Does your concierge organise day trips out from KL?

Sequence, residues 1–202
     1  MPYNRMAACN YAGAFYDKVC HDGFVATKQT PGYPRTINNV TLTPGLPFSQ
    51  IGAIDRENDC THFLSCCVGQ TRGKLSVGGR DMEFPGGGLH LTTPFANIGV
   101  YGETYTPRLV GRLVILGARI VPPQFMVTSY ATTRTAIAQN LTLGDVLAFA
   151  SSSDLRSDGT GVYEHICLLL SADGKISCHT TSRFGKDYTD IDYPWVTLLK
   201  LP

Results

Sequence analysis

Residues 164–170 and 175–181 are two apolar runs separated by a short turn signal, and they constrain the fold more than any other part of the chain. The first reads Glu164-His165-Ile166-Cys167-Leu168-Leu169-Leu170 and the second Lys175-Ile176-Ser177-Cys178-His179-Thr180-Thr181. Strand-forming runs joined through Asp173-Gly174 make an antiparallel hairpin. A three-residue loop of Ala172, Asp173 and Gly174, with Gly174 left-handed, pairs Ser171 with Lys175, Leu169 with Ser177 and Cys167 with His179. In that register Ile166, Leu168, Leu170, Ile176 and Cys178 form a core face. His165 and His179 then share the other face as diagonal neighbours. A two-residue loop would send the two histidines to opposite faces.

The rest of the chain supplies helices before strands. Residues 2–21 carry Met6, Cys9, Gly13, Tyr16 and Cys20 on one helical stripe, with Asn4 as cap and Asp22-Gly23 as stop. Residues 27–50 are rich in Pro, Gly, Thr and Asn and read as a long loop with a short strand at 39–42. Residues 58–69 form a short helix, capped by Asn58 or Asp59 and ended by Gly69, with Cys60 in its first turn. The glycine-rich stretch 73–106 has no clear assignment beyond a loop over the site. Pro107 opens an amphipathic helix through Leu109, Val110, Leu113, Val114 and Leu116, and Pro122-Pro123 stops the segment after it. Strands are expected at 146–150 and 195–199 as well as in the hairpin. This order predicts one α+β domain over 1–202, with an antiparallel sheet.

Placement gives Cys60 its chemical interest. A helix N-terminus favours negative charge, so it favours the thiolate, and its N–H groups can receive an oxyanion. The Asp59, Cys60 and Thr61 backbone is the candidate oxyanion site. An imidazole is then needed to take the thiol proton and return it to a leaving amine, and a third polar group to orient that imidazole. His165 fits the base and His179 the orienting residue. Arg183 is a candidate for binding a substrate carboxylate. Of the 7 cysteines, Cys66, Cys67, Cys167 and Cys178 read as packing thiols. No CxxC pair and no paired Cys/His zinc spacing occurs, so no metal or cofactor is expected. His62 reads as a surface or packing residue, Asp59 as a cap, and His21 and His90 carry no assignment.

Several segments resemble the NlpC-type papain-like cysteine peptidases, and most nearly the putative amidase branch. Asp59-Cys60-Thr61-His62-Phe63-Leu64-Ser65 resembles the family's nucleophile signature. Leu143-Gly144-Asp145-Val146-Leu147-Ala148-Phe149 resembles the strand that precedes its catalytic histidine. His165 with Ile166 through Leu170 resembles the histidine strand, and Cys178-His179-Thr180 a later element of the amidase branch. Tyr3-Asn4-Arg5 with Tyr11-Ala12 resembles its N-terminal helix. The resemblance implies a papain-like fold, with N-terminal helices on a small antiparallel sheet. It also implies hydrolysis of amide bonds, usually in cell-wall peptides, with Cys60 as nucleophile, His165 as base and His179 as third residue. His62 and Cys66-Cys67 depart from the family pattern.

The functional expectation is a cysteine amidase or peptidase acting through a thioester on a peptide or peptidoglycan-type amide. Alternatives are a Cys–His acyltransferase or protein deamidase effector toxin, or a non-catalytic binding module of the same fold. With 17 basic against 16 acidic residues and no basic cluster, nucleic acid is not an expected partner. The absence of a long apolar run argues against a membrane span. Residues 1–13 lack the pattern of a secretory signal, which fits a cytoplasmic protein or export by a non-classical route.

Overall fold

Yes, whether it be in the city, or elsewhere… When we hired our concierges, we had them show us what the visitor wouldn’t typically be able to find by themselves on TripAdvisor. I think that really opened some very interesting conversations from a food point of view, whereby you learn about dishes and food options that a typical visitor would never be able to find. And the same of certain destinations. One example is Rumah Penghulu Abu Seman… it is 800 m away from the hotel the way the crow flies, but it is literally a traditional home surrounded by skyscrapers in a beautiful garden, where one can spend the afternoon. We can even cater there. You can bring 6 to 8 people and have a dinner in this Malaysian home. It is a different way of showcasing the city. People are also often not familiar with the cocktail bar scene, so we take them around town and show what is happening. It is a vibrant scene. And bar Trigona is playing right into that. We do not want to go directly for what was already available, but to show a different scene that people may not know.